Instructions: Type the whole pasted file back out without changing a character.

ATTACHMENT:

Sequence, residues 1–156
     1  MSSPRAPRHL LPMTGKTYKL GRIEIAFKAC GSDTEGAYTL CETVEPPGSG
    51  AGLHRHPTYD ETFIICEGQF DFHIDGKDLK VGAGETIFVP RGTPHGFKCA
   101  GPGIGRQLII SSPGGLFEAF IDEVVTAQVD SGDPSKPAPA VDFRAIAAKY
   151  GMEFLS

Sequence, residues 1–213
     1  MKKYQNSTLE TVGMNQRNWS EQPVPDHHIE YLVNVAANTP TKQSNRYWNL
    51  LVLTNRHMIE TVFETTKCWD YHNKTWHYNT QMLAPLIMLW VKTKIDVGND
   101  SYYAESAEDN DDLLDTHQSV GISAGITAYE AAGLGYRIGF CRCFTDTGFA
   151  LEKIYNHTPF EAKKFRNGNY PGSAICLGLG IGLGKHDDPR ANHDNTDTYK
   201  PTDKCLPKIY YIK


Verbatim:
Sequence, residues 1–156
     1  MSSPRAPRHL LPMTGKTYKL GRIEIAFKAC GSDTEGAYTL CETVEPPGSG
    51  AGLHRHPTYD ETFIICEGQF DFHIDGKDLK VGAGETIFVP RGTPHGFKCA
   101  GPGIGRQLII SSPGGLFEAF IDEVVTAQVD SGDPSKPAPA VDFRAIAAKY
   151  GMEFLS

Sequence, residues 1–213
     1  MKKYQNSTLE TVGMNQRNWS EQPVPDHHIE YLVNVAANTP TKQSNRYWNL
    51  LVLTNRHMIE TVFETTKCWD YHNKTWHYNT QMLAPLIMLW VKTKIDVGND
   101  SYYAESAEDN DDLLDTHQSV GISAGITAYE AAGLGYRIGF CRCFTDTGFA
   151  LEKIYNHTPF EAKKFRNGNY PGSAICLGLG IGLGKHDDPR ANHDNTDTYK
   201  PTDKCLPKIY YIK